The Father Challenge
Copyright © 1995 by Kent Cumbo
Sam Keen challenges us to recognize that "there is no way for men...to recover wholeheartedness, to become passionate and truly free, without rediscovering the central importance of the family." To rediscover the family, we, as men, must rediscover ourselves as fathers and parents, and place this role of the many roles we play at the center of our lives. It is within the context of the family that we live our lives, and it is here that we receive our deepest wounds and most profound joys.
As Keen and many others have observed, we men tend to view ourselves as independent actors. As warriors, controllers, providers, protectors, and occasionally as lovers. We peg our self-worth on our tax brackets or how much we've published or how many women we've been with. We constantly look to the outside world for our valuation. Within the "men's movement" there is a tendency to talk about how I was treated by my father, about the lacks I had in my life, about my own confusion and pain and grief, about initiation (without any idea of what we want to initiate our children into). These are legitimate experiences that afflict our lives, but there comes a time when we men have to look beyond our own suffering and recognize that we are also causing suffering.
About a year ago I attended a symposium on fathering in Eugene, Oregon. One of the things that I learned, deeply, was how I was continuing to wound my own children in the way I was wounded. I was foisting the expectations and demands that my father laid on me onto my sons and daughter. It was a painful realization, but confirmed what I already knew intellectually about the "sins of the fathers," and how I needed to honestly and directly deal with what I was doing. I can't say that I've done as well as I'd like to on this or most accounts in my life. But one thing I have realized is that in as much as I consciously work to avoid wounding my children, and in loving them for exactly who they are, I am healed of my wounds. We receive our deepest and subtlest wounds within a family context, and it seems that here is the best place to heal them. This is not easy, as it requires a level of emotional courage, honesty, and sheer perseverance that few of us ever learn. Beginning what often seems to be a sisyphean task is a gift in itself, for it opens the door to our own hero's journey.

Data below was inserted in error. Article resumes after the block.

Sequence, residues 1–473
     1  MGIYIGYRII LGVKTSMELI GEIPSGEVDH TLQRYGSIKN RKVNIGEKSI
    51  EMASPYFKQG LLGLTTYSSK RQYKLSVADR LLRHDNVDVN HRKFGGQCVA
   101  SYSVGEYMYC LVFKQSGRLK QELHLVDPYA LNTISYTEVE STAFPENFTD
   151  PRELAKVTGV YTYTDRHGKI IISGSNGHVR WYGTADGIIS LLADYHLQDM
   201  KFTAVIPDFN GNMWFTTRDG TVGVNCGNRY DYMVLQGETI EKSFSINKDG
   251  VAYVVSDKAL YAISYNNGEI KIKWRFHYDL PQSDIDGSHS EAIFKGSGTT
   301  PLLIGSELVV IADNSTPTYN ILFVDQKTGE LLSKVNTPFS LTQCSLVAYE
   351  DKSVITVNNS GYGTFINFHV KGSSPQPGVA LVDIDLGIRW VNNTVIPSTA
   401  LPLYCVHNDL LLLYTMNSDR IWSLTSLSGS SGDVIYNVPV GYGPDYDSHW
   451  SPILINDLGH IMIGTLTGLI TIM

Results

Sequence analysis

As fathers, we give our children many gifts along with many wounds. Paradoxically, the wounds and the gifts are two sides of the same coin. When we give time and attention, we heal the wound of abandonment. When we acknowledge a child's accomplishments, we give the gift of confidence. When we support the free expression of feelings, we give the gift of self esteem. In essence, if we show with our time, love, attention, nurturing, touch that we truly value our children, they will come to value themselves and us.
We have to be willing to be available to our children as often as we can, and to be with them as often as practicable. There is no substitute for time with children. They know it and so do we. As fathers, we can no longer afford to use such excuses as "college funds," "personal growth," "bigger houses," " more cars, gadgets, or other toys" to justify our abandonment of our children. For at a deep and profound level all men are the fathers of all children whether they are biological or not. We have to go beyond the personal to the communal, and work to heal all of the damage our forefathers still perpetrate through us.
Where to begin is the question I usually get asked when I talk about these issues. Where do we begin? The trite answer is still true - where we are. The process of change begins with the awareness that change is needed, then what needs to be changed, and , lastly, what options are available. As a movement, we're still back at step one, having realized changes in how we fathers are needed; however, we haven't begun to examine the options. I believe it is past time that we join together as we can to support and assist other men in re-creating what a father is and does.
you were the golden child
framed by the sun that was your hair
my phaestos to grab the reins of my chariot
and be the child
and young man
my father wanted me to be
and still to be as you (me) are
i bind you in chains
teach you to fight your dream
witness the rising of your anger
i have held you
and held you apart
i have wondered at your neediness
and not seen
that it is not yours
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